A week ago, he reverted to his initial stance, pledging that he would sign a version of the legislation if the Legislature passed it, spurred by public pronouncements from his rivals that they would unequivocally back it.
He’s had an earful from the bill’s opponents — the Metro Atlanta Chamber remains steadfastly against the legislation — but his supporters said he had little choice but to avoid a policy rift that could have crippled him in the primary.
The stakes are high: Republicans have held the seat since 2002, when Perdue scored a stunning upset against incumbent Roy Barnes, and the GOP is the early odds-on favorite to hold the seat. Democrats are locked in their own deepening fight that’s threatening their wobbly coalition.
Cagle notched an early lead in the fight for funding, raising about $2.7 million in cash, but his three rivals all raised or loaned themselves at least $1 million. Each is trying to carve out his own unassailable niche.
Kemp has honed his Trump-like “putting Georgians first” message across the state, barreling in on rural counties where the president thrived, and Hill has had early success at grass-roots events and straw polls.
Williams, a low-profile lawmaker also running as a Trump loyalist, hosts flashy events — among them, a dinner with reality TV figure Dog the Bounty Hunter — and peppers his stump speeches with attacks on Cagle and Atlanta’s political culture.
Other potential candidates are also eyeing the race, including Clay Tippins, a tech executive and former Navy SEAL who would run as an unabashed outsider. Most of Georgia’s top GOP brass, including Deal and U.S. Sens. Johnny Isakson and David Perdue, are not publicly choosing sides yet.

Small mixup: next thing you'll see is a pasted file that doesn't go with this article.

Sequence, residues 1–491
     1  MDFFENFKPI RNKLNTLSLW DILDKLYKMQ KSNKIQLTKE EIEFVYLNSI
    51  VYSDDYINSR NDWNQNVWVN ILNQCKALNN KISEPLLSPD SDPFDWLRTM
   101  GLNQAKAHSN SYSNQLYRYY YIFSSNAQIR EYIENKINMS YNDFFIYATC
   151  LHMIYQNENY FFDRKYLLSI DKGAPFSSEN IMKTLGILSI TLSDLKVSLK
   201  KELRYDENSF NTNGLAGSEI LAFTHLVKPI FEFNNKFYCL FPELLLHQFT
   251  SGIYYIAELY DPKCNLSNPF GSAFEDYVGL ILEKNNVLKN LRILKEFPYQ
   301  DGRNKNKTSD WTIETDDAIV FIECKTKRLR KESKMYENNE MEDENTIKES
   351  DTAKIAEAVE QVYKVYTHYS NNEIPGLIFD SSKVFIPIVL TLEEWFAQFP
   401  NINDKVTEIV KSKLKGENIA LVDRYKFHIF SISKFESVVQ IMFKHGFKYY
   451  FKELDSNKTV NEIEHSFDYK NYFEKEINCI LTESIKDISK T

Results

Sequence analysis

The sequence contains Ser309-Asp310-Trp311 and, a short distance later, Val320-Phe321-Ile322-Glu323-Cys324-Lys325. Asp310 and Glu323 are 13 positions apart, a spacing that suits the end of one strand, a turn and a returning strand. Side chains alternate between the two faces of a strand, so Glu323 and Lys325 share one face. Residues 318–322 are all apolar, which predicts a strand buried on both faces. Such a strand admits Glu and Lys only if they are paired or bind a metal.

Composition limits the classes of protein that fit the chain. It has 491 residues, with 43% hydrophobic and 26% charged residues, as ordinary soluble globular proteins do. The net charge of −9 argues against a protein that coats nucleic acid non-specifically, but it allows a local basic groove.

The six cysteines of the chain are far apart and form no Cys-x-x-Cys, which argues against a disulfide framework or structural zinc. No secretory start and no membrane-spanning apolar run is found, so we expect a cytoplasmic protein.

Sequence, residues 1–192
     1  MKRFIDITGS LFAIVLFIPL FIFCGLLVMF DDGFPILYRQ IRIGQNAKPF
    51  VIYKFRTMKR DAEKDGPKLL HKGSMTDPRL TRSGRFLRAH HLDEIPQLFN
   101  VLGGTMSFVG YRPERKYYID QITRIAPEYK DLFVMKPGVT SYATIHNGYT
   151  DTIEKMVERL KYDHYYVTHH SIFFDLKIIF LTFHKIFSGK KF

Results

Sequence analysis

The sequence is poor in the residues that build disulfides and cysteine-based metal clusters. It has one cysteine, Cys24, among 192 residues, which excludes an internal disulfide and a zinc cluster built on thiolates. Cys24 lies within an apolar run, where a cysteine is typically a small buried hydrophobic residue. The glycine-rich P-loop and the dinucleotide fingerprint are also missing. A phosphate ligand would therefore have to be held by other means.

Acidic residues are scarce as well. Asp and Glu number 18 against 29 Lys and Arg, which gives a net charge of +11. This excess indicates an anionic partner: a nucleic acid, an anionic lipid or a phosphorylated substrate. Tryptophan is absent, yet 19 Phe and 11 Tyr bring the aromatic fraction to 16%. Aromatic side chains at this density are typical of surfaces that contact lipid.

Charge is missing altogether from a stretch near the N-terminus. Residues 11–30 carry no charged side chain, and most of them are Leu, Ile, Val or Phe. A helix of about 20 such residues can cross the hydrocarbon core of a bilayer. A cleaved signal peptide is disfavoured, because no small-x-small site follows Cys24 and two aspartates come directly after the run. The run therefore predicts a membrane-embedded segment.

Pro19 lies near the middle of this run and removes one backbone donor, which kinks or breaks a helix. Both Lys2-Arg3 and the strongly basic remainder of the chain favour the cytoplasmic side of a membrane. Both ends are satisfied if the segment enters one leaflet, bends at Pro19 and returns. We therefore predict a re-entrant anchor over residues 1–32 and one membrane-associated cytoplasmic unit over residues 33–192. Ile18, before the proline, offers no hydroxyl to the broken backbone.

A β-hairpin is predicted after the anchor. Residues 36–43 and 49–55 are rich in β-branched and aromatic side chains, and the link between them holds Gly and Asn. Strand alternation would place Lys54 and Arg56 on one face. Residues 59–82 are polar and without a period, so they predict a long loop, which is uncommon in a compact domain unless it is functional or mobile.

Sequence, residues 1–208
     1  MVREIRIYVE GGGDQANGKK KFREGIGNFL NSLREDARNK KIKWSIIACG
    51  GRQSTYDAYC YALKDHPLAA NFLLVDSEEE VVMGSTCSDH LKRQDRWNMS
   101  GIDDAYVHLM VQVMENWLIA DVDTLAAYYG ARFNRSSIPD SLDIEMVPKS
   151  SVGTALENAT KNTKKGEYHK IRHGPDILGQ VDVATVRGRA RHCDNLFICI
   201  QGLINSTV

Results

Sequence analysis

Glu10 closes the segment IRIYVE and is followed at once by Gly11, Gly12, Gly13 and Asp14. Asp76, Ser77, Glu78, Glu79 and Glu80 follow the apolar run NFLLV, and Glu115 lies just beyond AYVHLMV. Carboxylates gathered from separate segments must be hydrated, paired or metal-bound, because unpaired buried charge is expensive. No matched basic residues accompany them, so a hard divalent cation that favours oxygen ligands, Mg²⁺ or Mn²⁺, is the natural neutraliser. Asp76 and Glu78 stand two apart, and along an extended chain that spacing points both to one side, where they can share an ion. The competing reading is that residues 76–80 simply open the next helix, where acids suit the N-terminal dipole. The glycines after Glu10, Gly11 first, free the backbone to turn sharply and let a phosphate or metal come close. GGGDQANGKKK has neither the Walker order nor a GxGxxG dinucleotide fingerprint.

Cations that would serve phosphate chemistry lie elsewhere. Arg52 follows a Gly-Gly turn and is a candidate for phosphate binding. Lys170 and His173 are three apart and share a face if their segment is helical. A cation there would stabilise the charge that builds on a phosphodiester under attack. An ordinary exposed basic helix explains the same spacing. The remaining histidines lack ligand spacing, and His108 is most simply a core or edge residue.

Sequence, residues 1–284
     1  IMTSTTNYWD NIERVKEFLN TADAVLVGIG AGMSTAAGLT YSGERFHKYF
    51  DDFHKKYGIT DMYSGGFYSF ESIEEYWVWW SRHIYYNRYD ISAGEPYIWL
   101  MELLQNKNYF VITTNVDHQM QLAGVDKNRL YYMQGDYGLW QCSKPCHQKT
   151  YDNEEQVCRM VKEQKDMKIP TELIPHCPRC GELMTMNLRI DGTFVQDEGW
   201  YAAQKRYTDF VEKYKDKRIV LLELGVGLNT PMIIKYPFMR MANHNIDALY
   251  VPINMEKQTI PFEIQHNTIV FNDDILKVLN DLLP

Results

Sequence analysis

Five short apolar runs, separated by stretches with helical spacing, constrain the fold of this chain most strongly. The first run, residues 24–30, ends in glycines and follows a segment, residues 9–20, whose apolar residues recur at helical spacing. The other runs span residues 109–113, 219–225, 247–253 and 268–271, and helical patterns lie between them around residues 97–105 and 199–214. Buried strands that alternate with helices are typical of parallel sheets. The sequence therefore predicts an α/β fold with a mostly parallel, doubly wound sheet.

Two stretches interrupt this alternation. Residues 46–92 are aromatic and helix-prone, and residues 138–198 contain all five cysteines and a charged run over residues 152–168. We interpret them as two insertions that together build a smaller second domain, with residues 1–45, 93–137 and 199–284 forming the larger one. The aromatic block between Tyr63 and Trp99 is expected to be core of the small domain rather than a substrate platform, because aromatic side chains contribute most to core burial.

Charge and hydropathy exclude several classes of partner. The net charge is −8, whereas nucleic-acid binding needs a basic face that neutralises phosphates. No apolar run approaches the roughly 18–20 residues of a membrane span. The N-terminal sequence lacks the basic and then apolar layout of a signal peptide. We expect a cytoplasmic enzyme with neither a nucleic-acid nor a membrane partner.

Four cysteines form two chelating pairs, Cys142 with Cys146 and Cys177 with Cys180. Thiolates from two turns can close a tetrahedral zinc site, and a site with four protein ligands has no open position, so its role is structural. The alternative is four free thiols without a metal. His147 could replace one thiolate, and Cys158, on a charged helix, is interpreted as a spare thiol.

Voters seem just as unsettled. Interviews with more than a dozen North Georgia conservatives this week showed many were waiting until closer to next year’s election to make up their mind.
Richard Ward, a military veteran in Dahlonega, isn’t quite sure what to make of the GOP field. He said he was once open to voting for Democrats, but he’s so turned off by the “hoopla spread by the progressive movement” that Cagle is an option for him.
“The Democrats have gone so far to the left that they lost my vote forever,” he said. “Period.”
Greg and Terri Thrower, who recently moved to Blairsville to retire and work on a book, are somewhat split on Cagle after his talk at a community center. Greg said he was drawn to Cagle’s “humility” and is likely to vote for him. His wife, Terri, a Bernie Sanders supporter fed up with the fraught political environment, is just looking for solutions.
“I’m at least willing to listen to him,” she said.
And Cagle is willing to talk. In Cleveland, he gets applause for vowing state solutions for the “unsustainable” Affordable Care Act after Congress failed to repeal it. In Clarkesville, he asks the audience to imagine fewer inmates in the local jail because of better-paying jobs. In Blairsville, he talks of better roads and infrastructure.
And at each stop, he dives into the same standby tale.
It’s the one about the doctor who has a problem with his pipes and calls a plumber to fix it. When the plumber charges him $500 for less than an hour of work, the doctor is astounded. He tells the plumber he doesn’t even charge that much — and he saves lives. Came the response: “When I was a doctor, I didn’t make that much either.”
The moral, Cagle adds, is one he will repeat over the long haul.
“Is the plumber more important than the doctor? No,” he said. “All work that’s honest work is good work.”